Statement on Plagiarism
Instructors expect work submitted to them to represent the student’s own efforts and reflect the outcomes of his/her learning.
Plagiarism is theft. When you use the ideas and words of another person without giving that person credit, then you are plagiarizing. If what you write in a school project does not come from your own head, or your own experimentation, or from common knowledge, you are probably plagiarizing.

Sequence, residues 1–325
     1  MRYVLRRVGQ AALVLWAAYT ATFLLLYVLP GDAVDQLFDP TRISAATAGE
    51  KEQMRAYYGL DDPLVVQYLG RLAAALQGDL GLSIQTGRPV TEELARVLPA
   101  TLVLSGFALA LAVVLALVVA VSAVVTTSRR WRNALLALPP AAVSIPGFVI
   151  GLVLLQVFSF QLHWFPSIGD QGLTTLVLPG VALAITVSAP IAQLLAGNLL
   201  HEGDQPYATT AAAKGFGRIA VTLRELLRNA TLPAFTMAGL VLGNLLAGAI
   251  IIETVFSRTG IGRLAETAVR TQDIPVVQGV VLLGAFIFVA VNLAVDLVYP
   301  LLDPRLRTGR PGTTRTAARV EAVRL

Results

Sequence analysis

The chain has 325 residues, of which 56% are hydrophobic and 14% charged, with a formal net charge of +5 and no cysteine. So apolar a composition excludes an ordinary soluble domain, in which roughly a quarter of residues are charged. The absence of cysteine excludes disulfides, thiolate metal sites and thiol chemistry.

To avoid plagiarism, always cite your source when you:
quote someone directly,
paraphrase someone, or
summarize someone else’s ideas.
Just because you reword someone else’s ideas doesn’t make those ideas your own. To be on the safe side, always cite your sources, even though you seem to be overdoing it.
As well, quoting from your own previously submitted or published work without citing it is also considered plagiarism – self-plagiarism.
For more information on citing sources, see your librarian for help and see our handouts covering the MLA and APA guides to bibliographies and in-text citations.